• Graduation is contingent upon completing at least 1,000 post-baccalaureate practice hours (500 hours earned during a master’s program can be applied to the total)
  • Programs must allow students to specialize in either an advanced practice nursing direct care focus or an aggregate, systems, or organizational focus

Currently, Texas offers 9 CCNE accredited traditional in-state DNP programs. Nurses interested in pursuing a DNP degree may also choose from a variety of accredited online programs. Offering flexible coursework, the opportunity to complete clinical hours close to home, and fully accredited curriculum, online degree programs are a practical option for many professional nurses.

Both traditional and online DNP programs are heavily made up of practicum requirements, requiring nurses to log extensive hours in hospitals, physician’s offices, and clinics in order to fulfill degree requirements. Nurses enrolled in DNP programs in Texas would fulfill practicum requirements in clinics and hospitals that partner with their university.

Online and traditional programs often offer three pace options to accommodate the professional nurses’ schedule:

  • Traditional programs, which can be completed in 18-24 months
  • Accelerated programs, which can be completed in 12 months
  • Part-time programs, which can be completed in about 30 months

DNP Program Structure and Components

DNP programs are made up of three main components: DNP core classes, additional credits focusing on the nurses’ chosen specialization, and a DNP project.

The core classes will focus on the scientific foundations of nursing, evidence-based practice, transforming health policy, health promotion, epidemiology, and leadership development.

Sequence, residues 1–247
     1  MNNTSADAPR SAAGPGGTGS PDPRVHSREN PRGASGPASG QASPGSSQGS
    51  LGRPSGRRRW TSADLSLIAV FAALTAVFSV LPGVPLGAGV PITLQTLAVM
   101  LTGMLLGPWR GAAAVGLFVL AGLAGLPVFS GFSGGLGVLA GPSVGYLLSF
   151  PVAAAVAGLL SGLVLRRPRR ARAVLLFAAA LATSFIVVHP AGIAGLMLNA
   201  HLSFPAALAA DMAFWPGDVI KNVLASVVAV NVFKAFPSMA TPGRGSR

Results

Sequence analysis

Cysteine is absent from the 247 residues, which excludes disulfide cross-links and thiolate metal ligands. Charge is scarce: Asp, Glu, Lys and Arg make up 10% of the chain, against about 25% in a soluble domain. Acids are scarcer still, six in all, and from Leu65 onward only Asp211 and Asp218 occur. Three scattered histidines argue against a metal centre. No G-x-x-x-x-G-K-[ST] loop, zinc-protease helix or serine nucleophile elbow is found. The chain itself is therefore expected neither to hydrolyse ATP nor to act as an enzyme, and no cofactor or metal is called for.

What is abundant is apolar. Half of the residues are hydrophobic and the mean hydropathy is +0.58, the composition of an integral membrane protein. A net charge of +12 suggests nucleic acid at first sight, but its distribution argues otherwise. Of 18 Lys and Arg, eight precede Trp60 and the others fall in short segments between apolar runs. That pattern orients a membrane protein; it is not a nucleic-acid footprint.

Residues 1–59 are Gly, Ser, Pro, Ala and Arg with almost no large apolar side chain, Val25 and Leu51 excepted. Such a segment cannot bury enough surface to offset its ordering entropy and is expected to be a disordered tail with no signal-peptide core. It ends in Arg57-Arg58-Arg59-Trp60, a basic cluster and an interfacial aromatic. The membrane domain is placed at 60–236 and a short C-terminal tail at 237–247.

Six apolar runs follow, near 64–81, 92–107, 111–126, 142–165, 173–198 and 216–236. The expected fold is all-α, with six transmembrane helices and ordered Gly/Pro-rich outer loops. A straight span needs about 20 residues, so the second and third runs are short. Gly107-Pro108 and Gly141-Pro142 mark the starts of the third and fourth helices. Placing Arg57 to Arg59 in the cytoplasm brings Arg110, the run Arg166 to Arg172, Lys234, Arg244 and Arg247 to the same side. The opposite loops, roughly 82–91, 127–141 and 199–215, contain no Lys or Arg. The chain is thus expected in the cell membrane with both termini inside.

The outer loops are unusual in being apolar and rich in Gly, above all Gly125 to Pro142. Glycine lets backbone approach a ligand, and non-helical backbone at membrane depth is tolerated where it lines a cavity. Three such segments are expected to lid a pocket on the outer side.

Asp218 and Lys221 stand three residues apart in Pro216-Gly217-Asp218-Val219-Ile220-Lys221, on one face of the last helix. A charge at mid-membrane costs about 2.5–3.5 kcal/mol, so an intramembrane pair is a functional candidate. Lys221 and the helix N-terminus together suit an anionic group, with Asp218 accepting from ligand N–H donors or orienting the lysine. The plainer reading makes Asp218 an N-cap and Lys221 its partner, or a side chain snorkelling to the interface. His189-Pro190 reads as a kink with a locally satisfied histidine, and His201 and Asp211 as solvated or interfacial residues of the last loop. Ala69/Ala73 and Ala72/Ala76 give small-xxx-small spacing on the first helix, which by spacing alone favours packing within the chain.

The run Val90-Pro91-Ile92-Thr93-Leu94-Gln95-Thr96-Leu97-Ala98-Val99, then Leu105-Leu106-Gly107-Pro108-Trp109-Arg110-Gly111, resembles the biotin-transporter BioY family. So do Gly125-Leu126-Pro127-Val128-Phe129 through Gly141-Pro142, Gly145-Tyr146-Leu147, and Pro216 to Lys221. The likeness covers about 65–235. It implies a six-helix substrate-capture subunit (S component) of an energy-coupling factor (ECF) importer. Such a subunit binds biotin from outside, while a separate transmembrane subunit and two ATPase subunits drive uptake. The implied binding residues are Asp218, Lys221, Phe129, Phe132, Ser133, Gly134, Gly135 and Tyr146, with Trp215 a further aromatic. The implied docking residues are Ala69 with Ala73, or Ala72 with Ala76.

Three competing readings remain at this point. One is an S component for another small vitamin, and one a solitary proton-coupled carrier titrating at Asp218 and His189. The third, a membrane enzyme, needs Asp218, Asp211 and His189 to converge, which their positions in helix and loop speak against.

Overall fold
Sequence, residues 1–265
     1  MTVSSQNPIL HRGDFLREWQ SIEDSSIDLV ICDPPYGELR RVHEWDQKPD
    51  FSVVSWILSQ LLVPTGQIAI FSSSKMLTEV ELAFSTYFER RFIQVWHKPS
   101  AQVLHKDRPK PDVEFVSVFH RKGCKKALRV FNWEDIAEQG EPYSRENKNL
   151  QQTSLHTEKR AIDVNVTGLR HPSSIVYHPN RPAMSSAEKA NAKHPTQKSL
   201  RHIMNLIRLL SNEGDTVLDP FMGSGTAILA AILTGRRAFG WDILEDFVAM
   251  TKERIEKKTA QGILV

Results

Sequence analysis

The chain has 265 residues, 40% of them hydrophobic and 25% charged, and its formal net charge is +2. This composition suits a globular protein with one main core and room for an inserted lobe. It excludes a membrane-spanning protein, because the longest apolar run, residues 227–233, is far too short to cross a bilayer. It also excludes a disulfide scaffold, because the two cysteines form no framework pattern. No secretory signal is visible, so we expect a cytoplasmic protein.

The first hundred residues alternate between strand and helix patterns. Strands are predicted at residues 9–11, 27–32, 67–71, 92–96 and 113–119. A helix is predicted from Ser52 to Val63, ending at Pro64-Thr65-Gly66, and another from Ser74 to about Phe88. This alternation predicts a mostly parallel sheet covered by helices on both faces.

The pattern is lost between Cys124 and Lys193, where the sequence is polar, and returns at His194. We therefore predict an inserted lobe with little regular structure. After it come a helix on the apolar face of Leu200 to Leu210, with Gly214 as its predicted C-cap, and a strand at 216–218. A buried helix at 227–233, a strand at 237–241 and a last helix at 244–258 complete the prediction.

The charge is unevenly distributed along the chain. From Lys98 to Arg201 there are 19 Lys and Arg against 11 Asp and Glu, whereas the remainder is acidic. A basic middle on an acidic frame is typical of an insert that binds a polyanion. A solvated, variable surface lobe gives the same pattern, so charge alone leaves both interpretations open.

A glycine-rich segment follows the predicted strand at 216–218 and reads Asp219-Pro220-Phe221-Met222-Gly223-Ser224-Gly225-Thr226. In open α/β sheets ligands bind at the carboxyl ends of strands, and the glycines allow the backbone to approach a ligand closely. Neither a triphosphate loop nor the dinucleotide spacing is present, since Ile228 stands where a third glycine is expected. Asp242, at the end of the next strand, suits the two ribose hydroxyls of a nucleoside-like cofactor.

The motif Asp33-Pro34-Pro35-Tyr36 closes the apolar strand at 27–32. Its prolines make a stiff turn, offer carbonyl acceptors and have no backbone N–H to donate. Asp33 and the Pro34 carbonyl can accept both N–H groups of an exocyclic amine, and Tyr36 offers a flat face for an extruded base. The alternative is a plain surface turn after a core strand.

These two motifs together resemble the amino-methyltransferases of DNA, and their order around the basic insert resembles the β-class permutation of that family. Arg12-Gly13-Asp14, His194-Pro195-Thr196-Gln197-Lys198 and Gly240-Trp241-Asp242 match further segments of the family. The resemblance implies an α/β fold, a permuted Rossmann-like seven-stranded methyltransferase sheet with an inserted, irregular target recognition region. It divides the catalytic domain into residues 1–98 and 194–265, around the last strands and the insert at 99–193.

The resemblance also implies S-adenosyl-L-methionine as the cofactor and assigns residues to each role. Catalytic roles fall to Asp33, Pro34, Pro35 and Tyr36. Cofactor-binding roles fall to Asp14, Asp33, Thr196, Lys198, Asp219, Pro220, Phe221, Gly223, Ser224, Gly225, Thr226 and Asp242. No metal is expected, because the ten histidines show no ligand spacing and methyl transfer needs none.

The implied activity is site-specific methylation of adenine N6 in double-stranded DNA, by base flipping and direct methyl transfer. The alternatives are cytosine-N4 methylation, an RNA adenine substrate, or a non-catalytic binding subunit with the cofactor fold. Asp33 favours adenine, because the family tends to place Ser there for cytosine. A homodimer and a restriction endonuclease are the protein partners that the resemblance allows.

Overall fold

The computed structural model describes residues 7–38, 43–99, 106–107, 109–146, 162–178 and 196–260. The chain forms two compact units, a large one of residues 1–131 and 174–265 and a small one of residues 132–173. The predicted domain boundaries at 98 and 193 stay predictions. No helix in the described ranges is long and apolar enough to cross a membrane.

Specialty courses will vary according to the nurses’ focus. APRN focuses cover topics such as theories and foundations of advanced practice nursing, as well as pathophysiology and clinical assessment. If nurses have chosen an aggregate, systems, or organizational focus, classes will focus on leadership techniques and organizational management.

DNP projects, the final component of the DNP program, generally consist of both a written paper and a presentation, focusing on the nurses’ chosen specialization within advanced practice nursing.

When completing coursework at the doctorate level, nurses will become competent in scientific foundations of nursing and epidemiology. Earning a DNP gives nurses the unique opportunity to effect change in health policy from a clinical standpoint. In order to pursue leadership roles, DNP nurses must be well-versed in advocacy, ethics, and policy as it relates to population health. In addition, nurses will complete coursework on clinical decision making and study healthcare organization leadership in preparation to lead their own team of nurses.

BSN-to-DNP Programs for BSN-Prepared Nurses

BSN-to-DNP programs are intended for bachelor’s-prepared nurses to earn both their Master of Science in Nursing (MSN) and their Doctor of Nursing Practice (DNP) degree while becoming eligible for either advanced practice licensure or for roles in informatics, policy and leadership that don’t involve direct patient care. BSN-DNP programs provide the most direct route to the doctoral degree for bachelor’s-prepared nurses.

Master’s level coursework consists of 30 core credits, as well as additional credits focusing on the nurse’s specialty track, whether in advanced clinical practice or in an aggregate/systems/organizational focus. Those in an APRN track must pass national certification in one of the four roles before moving on to doctoral level coursework: